After Alstott's touchdown, a pumped-up Buccaneers' defense stopped Chicago quickly, keyed by DE Steve White's second sack of the game. However, Tampa Bay, perhaps a bit desperate, saw a risky maneuver backfire moments later. After their own drive stalled quickly, Mark Royals pulled down an apparent punt and went for the fake. After scrambling, his pass to RB Aaron Stecker was not enough to pick up the first down.
Chicago thus gained possession at the Bucs' 28, and though they couldn't manage a first down, did net Edinger's 40-yard field goal, which would eventually prove to be the winning margin.
The Bucs' next drive was another in a string of impressive fourth-quarter marches this season, most of which have provided hope in eventual losses. This one covered 77 yards on 12 plays, with QB Brad Johnson completing eight of 11 passes to take the ball to the one, then driving over himself from one yard out for the touchdown. When he found Alstott over the middle for a two-point conversion, the Bucs were suddenly within three points of a tie.
That hoped appeared to crumble when, after the Bucs forced a quick three-and-out, Johnson's first pass was intercepted by S Tony Parrish. Attempting to run out the last two minutes, the Bears gave the ball to rookie RB Anthony Thomas, who was limited to 58 yards on 23 carries on the day. However, when Thomas fumbled and the Bears barely recovered, Chicago Head Coach Dick Jauron called for three straight kneel downs.
That gave the ball back to the Bucs with 18 seconds remaining. Two short passes to Dunn put the ball just over midfield, where it appeared the Bucs would have to throw a 'Hail Mary' pass. However, an unnecessary roughness penalty on Chicago's R.W. McQuarters tacked on 15 yards and the Bucs suddenly had a reasonable field goal attempt.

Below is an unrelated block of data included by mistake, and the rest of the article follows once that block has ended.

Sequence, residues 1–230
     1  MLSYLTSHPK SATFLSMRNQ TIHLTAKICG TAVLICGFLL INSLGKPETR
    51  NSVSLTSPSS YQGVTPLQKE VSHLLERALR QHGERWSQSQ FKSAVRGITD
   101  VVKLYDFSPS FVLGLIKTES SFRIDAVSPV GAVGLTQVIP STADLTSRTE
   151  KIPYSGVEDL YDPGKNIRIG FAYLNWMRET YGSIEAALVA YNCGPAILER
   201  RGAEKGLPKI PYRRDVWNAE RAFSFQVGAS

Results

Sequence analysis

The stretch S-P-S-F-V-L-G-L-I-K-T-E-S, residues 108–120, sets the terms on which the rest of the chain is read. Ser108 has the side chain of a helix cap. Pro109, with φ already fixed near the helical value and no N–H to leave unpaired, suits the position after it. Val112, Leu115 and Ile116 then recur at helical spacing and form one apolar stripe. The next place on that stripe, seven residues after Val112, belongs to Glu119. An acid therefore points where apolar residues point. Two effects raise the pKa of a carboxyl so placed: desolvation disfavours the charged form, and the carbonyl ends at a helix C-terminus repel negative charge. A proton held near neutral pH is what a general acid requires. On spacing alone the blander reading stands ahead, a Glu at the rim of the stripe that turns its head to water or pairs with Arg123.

Gramatica's subsequent miss was just his third of the season in just 17 tries this season, with the other two misses coming from 52 and 54 yards out.
McQuarters, however, was responsible for two of the Bears four takeaways, as the Bucs lost the turnover battle for the first time this season. Johnson was intercepted twice after going three straight games without a pick, and both Alstott and Dunn lost a fumble.
"You can't fumble, you can't give up long touchdown passes, you can't have penalties," said Dungy. "Those are the fundamental things of the game."
That helped negate a 414-yard outing by the Bucs' offense, most of which came through the air. Johnson set team records for completions (40) and attempts(56) and recorded the first 300-yard game (399) by a Buc passer since Trent Dilfer's against Minnesota on October 3, 1999.
WR Keyshawn Johnson, the NFC's leading receiver, added to his astounding totals with 12 receptions for 89 yards, giving him 71 on the season, already equal to the fourth-highest total in team history. The team record, 86 by Mark Carrier in 1989, is only 15 catches ahead for Johnson.
CB Ronde Barber had another big day for the defense, making eight tackles and adding an interception and two passes defensed. His pick, on the first play of the game, was the only takeaway registered by the Bucs on the day, and it was negated two plays later on Dunn's fumble. DE Simeon Rice, who beat T Blake Brockermeyer repeatedly, finished with five tackles, a sack, a forced fumble and two passes batted down.
During the contest, Buccaneers.com provided quarter-by-quarter reports on the action, complete with details of all the game's big plays. Those reports follow to give a closer look at how the Bucs' three-point loss to Chicago unfolded.
First Quarter Report